Teenage girls have simultaneously the least respected and most worshipped bodies in American society. For decades — if not longer — we have upheld the pubescent female-assigned form as both the epitome of idealized beauty and the central target of body shaming and subsequent social policing. The recent photoshop censorship of a Florida school’s yearbook photos perfectly encapsulates this contradiction.
Last week, Bartram Trail High school in St. John’s County, Florida released their 2020-2021 yearbooks. No matter how long ago high school was for you, you probably remember what a bfd yearbook day was, especially your senior year. You wait all year to see how Teen You will be remembered by your peers for the rest of your life. But when students at Bartram Trail cracked open their long-awaited momentos, what they found was that over 60 of the photos had been altered, the New York Times reported. Angsty teen me is already quaking with fury.
The school did not make subtle or welcome changes to student photos — like airbrushing acne or digitally smoothing their hair. Instead, it put awkward black bars over people’s chests. To be clear, by people, I mean female-assigned people and by chests, I mean breasts. Yes, what I am saying is that here in 21st Century America, this Florida school photoshopped the breasts off people.
The school defended itself by citing the dress code. The school website states that yearbook photos “must be consistent with the St. Johns County School District Student Code of Conduct or may be digitally adjusted.” The code mentioned however, says nothing about how much chest is too much, even though it’s very specific that skirts must be longer than 4 inches above the knee and that the “whole shoulder” must be covered by girls’ clothing.
None of the original photos released show anyone wearing scandalously low cut tops. Also, we are not talking about a school sensitively photoshopping teens who were pushing the limits of acceptability in order to protect them from their poor fashion choices. These are teens who wore your average fast fashion scoop neck poly blend tee to their photo sessions and found any hint of breast covered by the same ubiquitous black censorship bar that we use to cover actual dicks in media.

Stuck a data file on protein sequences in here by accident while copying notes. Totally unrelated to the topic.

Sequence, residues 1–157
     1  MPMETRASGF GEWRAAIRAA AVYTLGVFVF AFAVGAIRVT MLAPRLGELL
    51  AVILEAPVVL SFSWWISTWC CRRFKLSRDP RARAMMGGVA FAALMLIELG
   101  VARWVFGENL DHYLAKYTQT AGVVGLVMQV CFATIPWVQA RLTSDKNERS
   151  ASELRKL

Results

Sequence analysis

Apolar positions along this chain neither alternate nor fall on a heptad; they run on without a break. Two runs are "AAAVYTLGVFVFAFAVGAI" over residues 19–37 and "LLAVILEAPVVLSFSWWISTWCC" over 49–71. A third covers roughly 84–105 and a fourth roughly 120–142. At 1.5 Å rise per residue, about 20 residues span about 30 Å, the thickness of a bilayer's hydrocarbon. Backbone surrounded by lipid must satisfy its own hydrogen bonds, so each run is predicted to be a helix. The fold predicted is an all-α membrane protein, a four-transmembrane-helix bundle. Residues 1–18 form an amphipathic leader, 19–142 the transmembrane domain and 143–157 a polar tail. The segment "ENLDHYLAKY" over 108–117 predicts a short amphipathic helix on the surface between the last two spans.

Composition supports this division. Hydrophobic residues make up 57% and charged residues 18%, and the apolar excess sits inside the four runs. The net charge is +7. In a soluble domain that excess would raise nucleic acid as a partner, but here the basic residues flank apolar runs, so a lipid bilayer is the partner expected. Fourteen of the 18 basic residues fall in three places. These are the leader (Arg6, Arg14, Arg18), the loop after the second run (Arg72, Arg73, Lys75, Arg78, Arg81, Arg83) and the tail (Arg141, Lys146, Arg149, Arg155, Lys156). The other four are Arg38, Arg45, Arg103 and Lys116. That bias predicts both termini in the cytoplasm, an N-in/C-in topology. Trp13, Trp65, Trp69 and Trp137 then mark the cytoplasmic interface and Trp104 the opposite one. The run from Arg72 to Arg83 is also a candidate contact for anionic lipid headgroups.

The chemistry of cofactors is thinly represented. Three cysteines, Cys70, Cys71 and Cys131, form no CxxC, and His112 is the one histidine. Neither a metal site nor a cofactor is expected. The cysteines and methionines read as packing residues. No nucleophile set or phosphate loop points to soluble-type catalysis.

This all begs the question as to whether what the teens were wearing was the problem. From my safely braless seat on the sidelines, it seems like Bartram Trail is sending the message that having breasts is a violation of the school’s code of conduct. Do I even need to point out how inherently problematic this is? Not only does it censor people’s naturally developing bodies, it also tells them that there is something wrong with those bodies. This isn’t even low key body shaming, it’s straight up bullying.
Not only is it confusing for teenage girls to get the message that their bodies are distractingly tempting and must be contained, it’s actively dangerous. Recent research has found links between body shaming during adolescence and teen substance misuse. Not only that, but female assigned people who were body shamed in their teen years have a higher prevalence of adult depression. Unfortunately, this is not a unique situation, as 94% of teen girls report experiencing body-shaming. It’s just not usually so obviously codified.
In case you were wondering, it only seems to be female students at Bartram Trail who are punished for dress code violations.
This is not the first time that Bartram Trail has been accused of bullying its female students. In March, female students at the school reported that they had been taken out of classes by an administrator, asked to remove their outer wear, and then given violations if what they were wearing underneath didn’t conform to school policy, according to the Times. One student responded by contacting local news and starting an online petition for the school to reassess its policy, and male students at the school expressed solidarity by coming to school in short skirts.
In case you were wondering, it only seems to be female students at Bartram Trail who are punished for dress code. Male students were shown wearing skimpy swimwear in the yearbook, even though that is clearly a violation of the school’s policy, reported NPR. If this all seems regressive to you, well, you’re in good company. A meme about the school is currently circulating that shows the numerous dress code violations that actors on the 1970s Brady Bunch would be given in present day Florida. While it might be tempting to write this off as an “Oh, Marsha,” moment, honestly, this incident seems like more evidence that we just haven’t progressed much socially in the past 50 years.